DIY: How to Home Service Your Air Conditioner Unit

Thanks to technology, HVAC (Heating, Ventilation, and Air Conditioning) systems are constantly evolving over time and becoming an essential component of every home or business. By removing contaminants from the air, a good HVAC system helps everybody in your household live comfortably in a cleaner atmosphere by eliminating adverse circumstances in your location. HVAC systems are composed of multiple components that function together, and they need to be serviced regularly.

Neglecting services might escalate small issues into more serious and costly ones. When it comes to air conditioner (AC) maintenance, this article, inspired by the experts at dependable HVAC professional, aims to enlighten you on what you can do at home if you choose not to call the professionals.

How to Home Service Your Air Conditioner Unit

Cleaning Your External Unit

The condenser in your unit is one of the most important air conditioning system components, so watch it for problems. Depending on your type, it’s normally placed outside your home, although it can also be in your garage, attic, or down in the basement. It normally has copper tubes extending from it to your house, which are occasionally covered by a foam layer. 

It operates by a heat transfer technique that cools the air blown inside while pulling heated air out of the house. To maintain your air conditioner in good working order, you should regularly get it serviced.

Step 1: Turn Off the Power to the Unit

When cleaning your device, check and ensure there’s no electricity that can shock you running through your unit. This may be accomplished by either removing the breaker or turning off the switch. If you believe turning off the electricity to the air conditioner condenser at the main electrical panel is too difficult, you may alternatively turn off the entire power at the main electrical panel for safety.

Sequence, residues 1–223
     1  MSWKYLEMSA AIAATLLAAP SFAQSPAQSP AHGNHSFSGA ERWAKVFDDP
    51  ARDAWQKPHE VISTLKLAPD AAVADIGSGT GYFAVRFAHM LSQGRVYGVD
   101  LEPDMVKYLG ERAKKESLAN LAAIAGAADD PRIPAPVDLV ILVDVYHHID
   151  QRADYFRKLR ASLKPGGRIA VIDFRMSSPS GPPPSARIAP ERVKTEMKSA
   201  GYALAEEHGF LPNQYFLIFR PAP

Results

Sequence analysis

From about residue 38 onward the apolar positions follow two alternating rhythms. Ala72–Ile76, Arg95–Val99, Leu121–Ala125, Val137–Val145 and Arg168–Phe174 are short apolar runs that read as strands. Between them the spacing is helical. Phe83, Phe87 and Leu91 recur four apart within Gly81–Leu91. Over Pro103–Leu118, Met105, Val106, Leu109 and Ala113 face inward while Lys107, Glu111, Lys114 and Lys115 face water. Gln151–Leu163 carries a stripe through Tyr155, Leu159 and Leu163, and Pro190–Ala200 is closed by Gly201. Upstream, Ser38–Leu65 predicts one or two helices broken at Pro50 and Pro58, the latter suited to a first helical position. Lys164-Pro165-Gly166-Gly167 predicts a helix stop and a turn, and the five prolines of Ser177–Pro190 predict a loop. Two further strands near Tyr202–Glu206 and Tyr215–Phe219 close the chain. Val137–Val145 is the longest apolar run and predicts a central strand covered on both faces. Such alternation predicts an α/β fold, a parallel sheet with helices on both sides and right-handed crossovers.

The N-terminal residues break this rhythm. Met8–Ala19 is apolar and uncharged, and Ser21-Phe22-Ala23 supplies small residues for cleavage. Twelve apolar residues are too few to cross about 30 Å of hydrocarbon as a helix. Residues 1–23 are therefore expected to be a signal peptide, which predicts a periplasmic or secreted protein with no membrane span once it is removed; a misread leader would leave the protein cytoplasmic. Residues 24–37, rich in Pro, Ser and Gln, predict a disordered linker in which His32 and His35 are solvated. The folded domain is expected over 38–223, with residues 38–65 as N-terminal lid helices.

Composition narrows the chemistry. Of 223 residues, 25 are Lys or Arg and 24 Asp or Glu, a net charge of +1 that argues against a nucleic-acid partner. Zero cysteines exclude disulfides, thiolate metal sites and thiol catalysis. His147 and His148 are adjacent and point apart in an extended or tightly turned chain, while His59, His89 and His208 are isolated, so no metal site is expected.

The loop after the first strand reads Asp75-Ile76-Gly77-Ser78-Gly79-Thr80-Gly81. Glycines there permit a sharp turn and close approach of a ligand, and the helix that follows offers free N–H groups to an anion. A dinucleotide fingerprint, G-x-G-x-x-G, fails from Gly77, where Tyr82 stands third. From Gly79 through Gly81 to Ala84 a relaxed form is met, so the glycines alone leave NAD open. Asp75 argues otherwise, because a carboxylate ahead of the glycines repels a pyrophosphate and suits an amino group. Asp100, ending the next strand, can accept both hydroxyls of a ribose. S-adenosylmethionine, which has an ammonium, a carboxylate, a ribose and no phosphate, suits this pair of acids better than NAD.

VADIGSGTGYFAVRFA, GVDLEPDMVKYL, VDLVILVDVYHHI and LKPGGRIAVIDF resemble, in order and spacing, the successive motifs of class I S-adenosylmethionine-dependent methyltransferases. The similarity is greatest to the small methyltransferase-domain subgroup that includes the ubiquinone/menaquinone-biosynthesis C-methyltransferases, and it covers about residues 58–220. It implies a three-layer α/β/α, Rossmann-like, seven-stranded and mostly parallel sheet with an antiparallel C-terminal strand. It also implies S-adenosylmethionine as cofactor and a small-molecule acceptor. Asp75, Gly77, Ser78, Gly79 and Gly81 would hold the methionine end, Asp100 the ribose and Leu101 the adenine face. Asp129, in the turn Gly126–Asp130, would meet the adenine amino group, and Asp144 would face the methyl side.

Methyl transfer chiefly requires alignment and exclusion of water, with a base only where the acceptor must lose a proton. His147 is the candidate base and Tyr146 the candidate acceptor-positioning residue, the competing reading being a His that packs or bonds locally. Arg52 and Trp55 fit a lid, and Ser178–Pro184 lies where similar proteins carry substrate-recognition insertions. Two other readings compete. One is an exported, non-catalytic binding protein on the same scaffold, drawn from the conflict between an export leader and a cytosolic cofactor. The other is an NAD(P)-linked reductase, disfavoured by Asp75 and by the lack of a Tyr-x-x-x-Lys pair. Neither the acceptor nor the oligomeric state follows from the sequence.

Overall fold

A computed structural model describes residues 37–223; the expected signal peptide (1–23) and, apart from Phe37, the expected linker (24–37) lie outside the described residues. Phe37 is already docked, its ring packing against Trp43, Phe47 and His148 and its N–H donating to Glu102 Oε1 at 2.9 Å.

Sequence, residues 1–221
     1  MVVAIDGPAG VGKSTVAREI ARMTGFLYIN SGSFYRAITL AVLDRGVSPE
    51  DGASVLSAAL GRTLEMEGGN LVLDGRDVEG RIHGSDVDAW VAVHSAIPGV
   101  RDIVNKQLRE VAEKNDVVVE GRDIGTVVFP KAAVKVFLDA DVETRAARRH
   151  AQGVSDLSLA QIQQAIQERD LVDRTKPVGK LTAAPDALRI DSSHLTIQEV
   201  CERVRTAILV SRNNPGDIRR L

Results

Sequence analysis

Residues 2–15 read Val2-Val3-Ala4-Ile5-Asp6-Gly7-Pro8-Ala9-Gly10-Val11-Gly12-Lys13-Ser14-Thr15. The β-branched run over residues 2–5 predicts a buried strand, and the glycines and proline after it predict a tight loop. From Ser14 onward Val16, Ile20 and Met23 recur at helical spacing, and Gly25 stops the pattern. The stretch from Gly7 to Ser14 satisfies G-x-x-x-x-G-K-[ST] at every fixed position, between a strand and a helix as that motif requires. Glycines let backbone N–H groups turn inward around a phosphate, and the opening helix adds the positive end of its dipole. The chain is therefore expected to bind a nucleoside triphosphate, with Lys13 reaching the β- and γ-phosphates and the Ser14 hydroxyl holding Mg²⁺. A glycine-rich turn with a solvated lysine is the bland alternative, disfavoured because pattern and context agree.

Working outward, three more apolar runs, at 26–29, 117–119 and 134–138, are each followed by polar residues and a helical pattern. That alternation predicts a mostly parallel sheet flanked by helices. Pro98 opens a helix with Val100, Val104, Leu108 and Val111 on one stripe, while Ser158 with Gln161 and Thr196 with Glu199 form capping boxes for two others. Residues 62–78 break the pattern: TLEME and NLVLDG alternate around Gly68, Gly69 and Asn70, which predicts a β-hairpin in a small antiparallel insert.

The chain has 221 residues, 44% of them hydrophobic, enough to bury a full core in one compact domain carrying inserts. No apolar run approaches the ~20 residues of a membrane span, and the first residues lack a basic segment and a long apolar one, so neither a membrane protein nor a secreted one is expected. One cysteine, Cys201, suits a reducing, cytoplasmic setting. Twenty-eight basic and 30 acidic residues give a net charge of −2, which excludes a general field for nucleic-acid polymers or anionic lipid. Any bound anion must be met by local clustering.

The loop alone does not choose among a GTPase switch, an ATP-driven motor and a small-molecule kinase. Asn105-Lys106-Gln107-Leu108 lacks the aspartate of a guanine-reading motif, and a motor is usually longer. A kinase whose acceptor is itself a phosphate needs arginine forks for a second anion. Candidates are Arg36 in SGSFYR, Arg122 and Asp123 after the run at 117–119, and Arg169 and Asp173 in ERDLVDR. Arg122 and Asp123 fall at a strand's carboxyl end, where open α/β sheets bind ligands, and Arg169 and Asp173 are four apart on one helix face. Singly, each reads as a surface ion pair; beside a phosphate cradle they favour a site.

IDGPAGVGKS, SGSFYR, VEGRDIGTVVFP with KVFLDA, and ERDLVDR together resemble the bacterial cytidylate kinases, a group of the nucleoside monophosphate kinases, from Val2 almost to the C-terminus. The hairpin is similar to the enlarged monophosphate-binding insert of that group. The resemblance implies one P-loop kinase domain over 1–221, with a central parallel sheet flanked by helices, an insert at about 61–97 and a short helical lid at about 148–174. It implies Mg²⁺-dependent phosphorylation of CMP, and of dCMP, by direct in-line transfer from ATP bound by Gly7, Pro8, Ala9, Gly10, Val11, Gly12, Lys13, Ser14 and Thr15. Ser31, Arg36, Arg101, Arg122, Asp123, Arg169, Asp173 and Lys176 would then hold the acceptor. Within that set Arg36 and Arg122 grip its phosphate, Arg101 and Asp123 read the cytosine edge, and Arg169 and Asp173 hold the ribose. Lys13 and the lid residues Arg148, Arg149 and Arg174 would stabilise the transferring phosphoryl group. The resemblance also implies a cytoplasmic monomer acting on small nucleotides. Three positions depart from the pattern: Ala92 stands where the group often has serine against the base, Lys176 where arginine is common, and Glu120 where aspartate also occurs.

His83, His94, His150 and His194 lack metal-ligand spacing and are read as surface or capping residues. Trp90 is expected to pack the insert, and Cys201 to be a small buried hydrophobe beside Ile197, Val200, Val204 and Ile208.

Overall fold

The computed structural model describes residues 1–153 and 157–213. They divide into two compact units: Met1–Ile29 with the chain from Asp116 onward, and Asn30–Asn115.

Step 2: Clean up the Area Surrounding the Device and Remove Any Debris

Most of the dirt will become lodged on the fins, which must be gently wiped away. To remove the dirt that’s simple to dislodge, you should use a rough paintbrush. After that, you may use a vacuum cleaner with its brush attachment and clear up any finer particles. You must also keep the space around the condenser clear of plant growth and other things.

Step 3: Cleaning and Straightening the Fins

Fins may acquire a lot of crud and debris that’s difficult to remove with a brush. Instead, try scraping any stuck-on material between the fins with an old dinner knife and reshaping any bent fins. The best method to clean fins is by spraying them with cold water. You can do this using your normal garden hose, spray nozzle, or spray bottle if you don’t have one of the first two options. 

This eliminates lots of filth that wouldn’t have come out with other procedures. It’s important to avoid getting liquids on any electrical motors. If your fan motor doesn’t have sealed bearings, you should also check the lubrication of your fans. A few drops of electric motor oil should be enough, but don’t use other oils.

Step 4: Cleaning Your Condenser Fan

This is also an area where a lot of dust and debris may build up over time, so you should clean it regularly. There’s a potential that leaves will become trapped here as well. Wiping it down with a moist towel and letting it dry in the sun is the easiest method to clean it.